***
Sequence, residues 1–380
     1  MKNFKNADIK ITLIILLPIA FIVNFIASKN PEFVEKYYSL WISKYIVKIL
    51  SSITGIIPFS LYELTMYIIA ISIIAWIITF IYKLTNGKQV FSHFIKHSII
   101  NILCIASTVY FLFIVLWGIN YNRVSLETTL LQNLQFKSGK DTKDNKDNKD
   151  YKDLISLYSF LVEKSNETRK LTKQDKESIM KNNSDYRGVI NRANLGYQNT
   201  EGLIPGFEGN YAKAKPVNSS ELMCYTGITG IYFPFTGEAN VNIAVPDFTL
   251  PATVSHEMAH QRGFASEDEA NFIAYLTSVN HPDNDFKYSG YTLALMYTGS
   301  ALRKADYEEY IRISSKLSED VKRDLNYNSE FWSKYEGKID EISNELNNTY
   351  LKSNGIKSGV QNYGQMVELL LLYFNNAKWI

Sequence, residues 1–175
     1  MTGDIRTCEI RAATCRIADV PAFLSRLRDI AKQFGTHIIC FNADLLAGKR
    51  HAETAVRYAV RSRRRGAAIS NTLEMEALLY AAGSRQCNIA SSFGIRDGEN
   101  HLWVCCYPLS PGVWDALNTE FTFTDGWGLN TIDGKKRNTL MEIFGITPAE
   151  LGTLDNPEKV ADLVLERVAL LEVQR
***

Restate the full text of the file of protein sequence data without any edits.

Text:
Sequence, residues 1–380
     1  MKNFKNADIK ITLIILLPIA FIVNFIASKN PEFVEKYYSL WISKYIVKIL
    51  SSITGIIPFS LYELTMYIIA ISIIAWIITF IYKLTNGKQV FSHFIKHSII
   101  NILCIASTVY FLFIVLWGIN YNRVSLETTL LQNLQFKSGK DTKDNKDNKD
   151  YKDLISLYSF LVEKSNETRK LTKQDKESIM KNNSDYRGVI NRANLGYQNT
   201  EGLIPGFEGN YAKAKPVNSS ELMCYTGITG IYFPFTGEAN VNIAVPDFTL
   251  PATVSHEMAH QRGFASEDEA NFIAYLTSVN HPDNDFKYSG YTLALMYTGS
   301  ALRKADYEEY IRISSKLSED VKRDLNYNSE FWSKYEGKID EISNELNNTY
   351  LKSNGIKSGV QNYGQMVELL LLYFNNAKWI

Sequence, residues 1–175
     1  MTGDIRTCEI RAATCRIADV PAFLSRLRDI AKQFGTHIIC FNADLLAGKR
    51  HAETAVRYAV RSRRRGAAIS NTLEMEALLY AAGSRQCNIA SSFGIRDGEN
   101  HLWVCCYPLS PGVWDALNTE FTFTDGWGLN TIDGKKRNTL MEIFGITPAE
   151  LGTLDNPEKV ADLVLERVAL LEVQR